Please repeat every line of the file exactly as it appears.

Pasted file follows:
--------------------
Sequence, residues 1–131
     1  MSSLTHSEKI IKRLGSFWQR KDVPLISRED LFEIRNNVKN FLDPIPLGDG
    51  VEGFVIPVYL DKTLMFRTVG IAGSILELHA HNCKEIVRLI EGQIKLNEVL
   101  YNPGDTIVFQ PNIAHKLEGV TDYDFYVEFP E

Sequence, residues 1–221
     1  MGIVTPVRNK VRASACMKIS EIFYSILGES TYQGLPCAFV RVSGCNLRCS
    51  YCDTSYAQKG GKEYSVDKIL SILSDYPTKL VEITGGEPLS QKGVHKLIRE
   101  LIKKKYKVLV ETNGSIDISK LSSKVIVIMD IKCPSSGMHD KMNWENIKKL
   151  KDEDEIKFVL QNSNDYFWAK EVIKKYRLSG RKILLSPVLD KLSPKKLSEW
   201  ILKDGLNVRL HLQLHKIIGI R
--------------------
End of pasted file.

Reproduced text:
Sequence, residues 1–131
     1  MSSLTHSEKI IKRLGSFWQR KDVPLISRED LFEIRNNVKN FLDPIPLGDG
    51  VEGFVIPVYL DKTLMFRTVG IAGSILELHA HNCKEIVRLI EGQIKLNEVL
   101  YNPGDTIVFQ PNIAHKLEGV TDYDFYVEFP E

Sequence, residues 1–221
     1  MGIVTPVRNK VRASACMKIS EIFYSILGES TYQGLPCAFV RVSGCNLRCS
    51  YCDTSYAQKG GKEYSVDKIL SILSDYPTKL VEITGGEPLS QKGVHKLIRE
   101  LIKKKYKVLV ETNGSIDISK LSSKVIVIMD IKCPSSGMHD KMNWENIKKL
   151  KDEDEIKFVL QNSNDYFWAK EVIKKYRLSG RKILLSPVLD KLSPKKLSEW
   201  ILKDGLNVRL HLQLHKIIGI R